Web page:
KINGâ€™S chiefs wanted to change the College’s slogan to â€œAt the heart of world thinkingâ€ as part of the Kingâ€™s London rebrand â€“ but the top governing board clashed over the plans.
The ‘new look’ of the rebrand was intended to be â€œmore coherentâ€ and â€œwould emphasise the connection between Kingâ€™s and Londonâ€, according minutes of a College Council meeting.
Members were â€œbroadly supportive of the proposed change of name and the proposed visual identity (with one member noting his opposition to the proposed monogram).” Itâ€™s unclear who this was.
According to the board: â€˜Kingâ€™s Londonâ€™ was â€œalready used as shorthand for the College in some quarters.”
The proposed slogan was favoured by the Principalâ€™s Central Team (PCT), but the highest decision-making board – the College Council – couldnâ€™t agree on the strapline.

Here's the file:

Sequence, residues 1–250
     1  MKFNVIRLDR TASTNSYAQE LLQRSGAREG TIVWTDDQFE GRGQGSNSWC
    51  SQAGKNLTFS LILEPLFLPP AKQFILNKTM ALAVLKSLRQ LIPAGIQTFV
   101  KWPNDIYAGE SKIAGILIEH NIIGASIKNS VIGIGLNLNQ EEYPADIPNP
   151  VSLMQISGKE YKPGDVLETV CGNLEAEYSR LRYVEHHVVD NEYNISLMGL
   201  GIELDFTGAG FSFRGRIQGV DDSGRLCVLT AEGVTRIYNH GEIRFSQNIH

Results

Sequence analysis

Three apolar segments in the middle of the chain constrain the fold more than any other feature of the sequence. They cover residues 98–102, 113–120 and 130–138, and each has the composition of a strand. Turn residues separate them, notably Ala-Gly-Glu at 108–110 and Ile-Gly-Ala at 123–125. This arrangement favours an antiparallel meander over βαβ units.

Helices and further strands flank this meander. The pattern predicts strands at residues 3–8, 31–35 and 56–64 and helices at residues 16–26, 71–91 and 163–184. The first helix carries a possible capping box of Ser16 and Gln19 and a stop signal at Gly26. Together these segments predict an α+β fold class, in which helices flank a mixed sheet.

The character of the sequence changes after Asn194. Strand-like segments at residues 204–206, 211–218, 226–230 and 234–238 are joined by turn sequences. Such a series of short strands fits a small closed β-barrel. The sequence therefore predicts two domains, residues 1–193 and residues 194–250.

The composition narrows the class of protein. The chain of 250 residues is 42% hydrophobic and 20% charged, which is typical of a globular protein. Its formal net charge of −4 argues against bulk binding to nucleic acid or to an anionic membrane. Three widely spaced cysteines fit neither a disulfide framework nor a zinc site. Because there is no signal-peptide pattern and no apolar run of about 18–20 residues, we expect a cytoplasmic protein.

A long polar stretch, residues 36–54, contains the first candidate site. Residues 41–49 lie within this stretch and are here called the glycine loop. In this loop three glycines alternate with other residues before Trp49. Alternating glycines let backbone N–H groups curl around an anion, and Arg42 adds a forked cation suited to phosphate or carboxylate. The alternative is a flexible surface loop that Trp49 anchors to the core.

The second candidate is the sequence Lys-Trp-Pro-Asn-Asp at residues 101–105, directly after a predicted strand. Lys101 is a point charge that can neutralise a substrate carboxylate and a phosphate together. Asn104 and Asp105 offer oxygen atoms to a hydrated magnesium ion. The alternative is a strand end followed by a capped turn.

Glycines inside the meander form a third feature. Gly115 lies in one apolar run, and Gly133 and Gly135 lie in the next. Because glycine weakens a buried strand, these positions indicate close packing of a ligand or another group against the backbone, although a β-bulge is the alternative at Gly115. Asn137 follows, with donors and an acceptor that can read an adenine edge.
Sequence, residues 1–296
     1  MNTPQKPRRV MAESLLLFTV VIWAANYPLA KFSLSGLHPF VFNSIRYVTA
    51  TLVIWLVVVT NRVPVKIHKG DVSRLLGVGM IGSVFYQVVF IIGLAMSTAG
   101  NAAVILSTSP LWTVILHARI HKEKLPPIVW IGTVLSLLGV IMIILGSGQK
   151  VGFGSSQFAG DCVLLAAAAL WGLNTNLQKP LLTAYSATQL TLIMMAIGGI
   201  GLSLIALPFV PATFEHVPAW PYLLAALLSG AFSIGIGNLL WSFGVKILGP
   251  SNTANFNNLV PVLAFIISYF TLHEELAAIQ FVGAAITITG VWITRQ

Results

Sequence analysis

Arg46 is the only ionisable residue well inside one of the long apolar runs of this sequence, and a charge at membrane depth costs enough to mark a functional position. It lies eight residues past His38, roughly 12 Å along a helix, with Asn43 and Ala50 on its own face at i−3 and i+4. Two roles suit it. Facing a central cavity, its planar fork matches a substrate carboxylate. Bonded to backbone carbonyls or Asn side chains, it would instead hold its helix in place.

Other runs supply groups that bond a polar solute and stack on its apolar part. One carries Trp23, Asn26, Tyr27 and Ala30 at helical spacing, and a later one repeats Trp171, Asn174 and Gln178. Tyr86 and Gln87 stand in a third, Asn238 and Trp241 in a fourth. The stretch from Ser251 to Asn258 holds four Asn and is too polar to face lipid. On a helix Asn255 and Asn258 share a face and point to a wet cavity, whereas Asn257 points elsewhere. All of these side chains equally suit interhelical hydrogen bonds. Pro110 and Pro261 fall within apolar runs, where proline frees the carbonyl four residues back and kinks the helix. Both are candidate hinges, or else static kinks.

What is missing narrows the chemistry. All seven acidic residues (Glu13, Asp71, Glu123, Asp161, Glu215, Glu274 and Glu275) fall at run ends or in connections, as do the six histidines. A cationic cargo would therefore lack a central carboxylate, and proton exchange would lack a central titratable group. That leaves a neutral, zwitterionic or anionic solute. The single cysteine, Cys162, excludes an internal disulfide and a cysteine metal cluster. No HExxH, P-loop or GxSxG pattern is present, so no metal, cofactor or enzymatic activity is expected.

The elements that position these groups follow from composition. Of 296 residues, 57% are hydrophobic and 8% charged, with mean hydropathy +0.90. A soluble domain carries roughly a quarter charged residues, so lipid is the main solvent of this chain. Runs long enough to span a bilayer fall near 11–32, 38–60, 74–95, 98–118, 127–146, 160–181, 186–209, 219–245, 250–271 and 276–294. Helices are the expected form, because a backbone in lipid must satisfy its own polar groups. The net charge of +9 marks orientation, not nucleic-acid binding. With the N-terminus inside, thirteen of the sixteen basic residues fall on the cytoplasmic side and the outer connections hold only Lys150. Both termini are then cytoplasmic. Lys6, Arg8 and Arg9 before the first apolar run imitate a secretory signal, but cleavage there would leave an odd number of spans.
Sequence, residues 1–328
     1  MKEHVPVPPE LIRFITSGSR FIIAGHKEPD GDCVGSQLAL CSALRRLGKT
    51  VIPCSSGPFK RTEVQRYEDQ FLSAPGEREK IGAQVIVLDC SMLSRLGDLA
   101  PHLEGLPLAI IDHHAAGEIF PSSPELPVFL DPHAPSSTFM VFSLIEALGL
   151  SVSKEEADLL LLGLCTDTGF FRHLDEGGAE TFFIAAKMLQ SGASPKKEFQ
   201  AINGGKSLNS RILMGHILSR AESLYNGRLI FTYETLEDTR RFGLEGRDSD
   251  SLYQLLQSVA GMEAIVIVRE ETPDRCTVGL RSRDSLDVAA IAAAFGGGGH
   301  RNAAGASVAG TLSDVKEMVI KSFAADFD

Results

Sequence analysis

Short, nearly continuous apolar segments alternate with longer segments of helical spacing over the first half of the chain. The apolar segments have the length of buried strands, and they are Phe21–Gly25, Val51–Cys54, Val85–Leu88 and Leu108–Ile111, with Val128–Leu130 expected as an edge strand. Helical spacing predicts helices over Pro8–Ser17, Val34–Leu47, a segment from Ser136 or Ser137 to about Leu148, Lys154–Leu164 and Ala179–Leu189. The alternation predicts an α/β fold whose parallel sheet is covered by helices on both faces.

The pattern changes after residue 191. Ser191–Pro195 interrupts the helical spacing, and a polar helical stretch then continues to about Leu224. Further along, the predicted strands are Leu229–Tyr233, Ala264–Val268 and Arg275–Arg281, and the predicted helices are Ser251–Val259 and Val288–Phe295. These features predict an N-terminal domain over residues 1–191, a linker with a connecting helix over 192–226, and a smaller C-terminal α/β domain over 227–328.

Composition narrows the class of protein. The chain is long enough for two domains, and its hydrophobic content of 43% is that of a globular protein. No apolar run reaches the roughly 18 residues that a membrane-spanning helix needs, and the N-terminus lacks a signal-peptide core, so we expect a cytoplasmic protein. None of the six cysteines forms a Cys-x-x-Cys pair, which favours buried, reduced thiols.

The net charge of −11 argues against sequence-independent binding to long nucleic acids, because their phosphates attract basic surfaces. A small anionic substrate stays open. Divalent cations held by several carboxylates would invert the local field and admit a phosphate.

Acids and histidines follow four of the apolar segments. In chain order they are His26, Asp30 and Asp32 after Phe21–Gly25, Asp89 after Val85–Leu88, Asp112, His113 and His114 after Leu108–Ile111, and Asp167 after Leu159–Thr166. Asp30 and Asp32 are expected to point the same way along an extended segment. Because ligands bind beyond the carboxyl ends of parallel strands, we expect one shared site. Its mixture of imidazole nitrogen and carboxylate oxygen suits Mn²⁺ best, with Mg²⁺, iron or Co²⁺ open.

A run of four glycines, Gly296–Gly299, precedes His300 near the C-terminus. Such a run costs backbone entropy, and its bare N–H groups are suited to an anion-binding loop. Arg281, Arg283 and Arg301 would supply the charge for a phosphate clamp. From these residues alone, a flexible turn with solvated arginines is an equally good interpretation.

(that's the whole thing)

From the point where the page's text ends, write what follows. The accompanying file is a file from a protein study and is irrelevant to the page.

â€œIf Kingâ€™s was unable to adopt the right slogan, it was suggested that it would be better not to have one,â€ members thought.
There was no â€œoverall consensusâ€ in favour of the proposed slogan during the meeting, and Principal Ed Byrne told Roar last year that he didnâ€™t want to â€œdictateâ€ the slogan.
However, Ed, who only joined Kingâ€™s after the vast majority of the rebrand work had been completed, said he wanted people to use different straplines.
He offered two: â€œone of the worldâ€™s greatest universitiesâ€ and â€œa great university in the heart of London.â€
College Council members also said that â€œKingâ€™s appeared to lack confidence in the image it projected, and to undersell itself in the media in comparison to other, smaller rivals like the LSE.â€
The rebrand proposals included a core â€˜brand narrativeâ€™ â€œintended to articulate the â€˜essenceâ€™ of Kingâ€™sâ€ – itâ€™s thought that this could still could be rolled out even if Kingâ€™s London is dropped.
Since then the College reopened consultations on the rebrand, and held two open fora on the plans.
Ed told Roar that if there was continued opposition to â€˜Kingâ€™s Londonâ€™ it would be dropped, but the ultimate decision rests with the College Council.